Sunday, March 15, 2009
Gazelle by Rikki Ducornet
Lyrically written, Gazelle by Rikki Ducornet, portrays a young girl's sexual awakening while her family is spending a year in Cairo. Elizabeth is thirteen, and is a sensitive girl who is devoted to her father. Her father is an academic and lives the life of the mind. Her mother, on the other hand, is an extremely physical person, and her time in Egypt is spent making romantic conquests of various men. After an especially cruel betrayal, the mother moves out and pursues her life without her husband and daughter.
Elizabeth and her father become close friends with an Egyptian perfumer, Ramses Ragab. Ragab owes a perfume shop, and his obsession is recreating the ancient scents from the past that have been lost. He is a sensitive and brilliant man, and provides a lifeline to the father, who has collapsed after his wife's departure. Elizabeth is entranced with Ragab, and fantasizes about him. She spends the summer lost in a series of dreams and beginning flirtations with Ragab, and longs to give herself to him. Her romantic fantasies are crushed when Ragab is involved in the ultimate betrayal.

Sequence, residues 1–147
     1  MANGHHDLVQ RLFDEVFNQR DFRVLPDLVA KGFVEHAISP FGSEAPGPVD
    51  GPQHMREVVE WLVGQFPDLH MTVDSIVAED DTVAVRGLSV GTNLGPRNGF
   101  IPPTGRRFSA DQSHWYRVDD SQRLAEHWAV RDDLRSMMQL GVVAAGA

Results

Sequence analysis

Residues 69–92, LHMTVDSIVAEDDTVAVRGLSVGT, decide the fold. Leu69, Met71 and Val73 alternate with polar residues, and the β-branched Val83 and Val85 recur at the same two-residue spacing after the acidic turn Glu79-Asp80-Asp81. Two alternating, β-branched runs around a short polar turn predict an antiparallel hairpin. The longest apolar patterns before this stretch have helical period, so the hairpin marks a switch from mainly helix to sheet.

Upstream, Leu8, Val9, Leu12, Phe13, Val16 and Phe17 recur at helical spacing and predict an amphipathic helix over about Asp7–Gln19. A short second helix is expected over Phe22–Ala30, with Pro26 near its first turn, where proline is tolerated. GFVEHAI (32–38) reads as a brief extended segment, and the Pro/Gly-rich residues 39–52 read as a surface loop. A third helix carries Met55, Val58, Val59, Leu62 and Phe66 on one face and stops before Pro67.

The language in this book is langerous, and excites the various senses. It recalls that time we all went through as children, when we are ready to put down the toys of childhood and start to learn the joys and pleasures of adulthood. The story weaves back and forth between the present and the past, as Elizabeth recalls that time in her life. The reader learns of ancient Egyptian history, of magicians and mummies, of perfumes and the clash between the culture of Egypt and that of the visiting Americans. Relationships between men and women and how love can crush as well as exalt are explored. There is some sexual content that could be objectionable to some readers. This book is recommended for those readers willing to walk with Elizabeth on her voyage of self-discovery.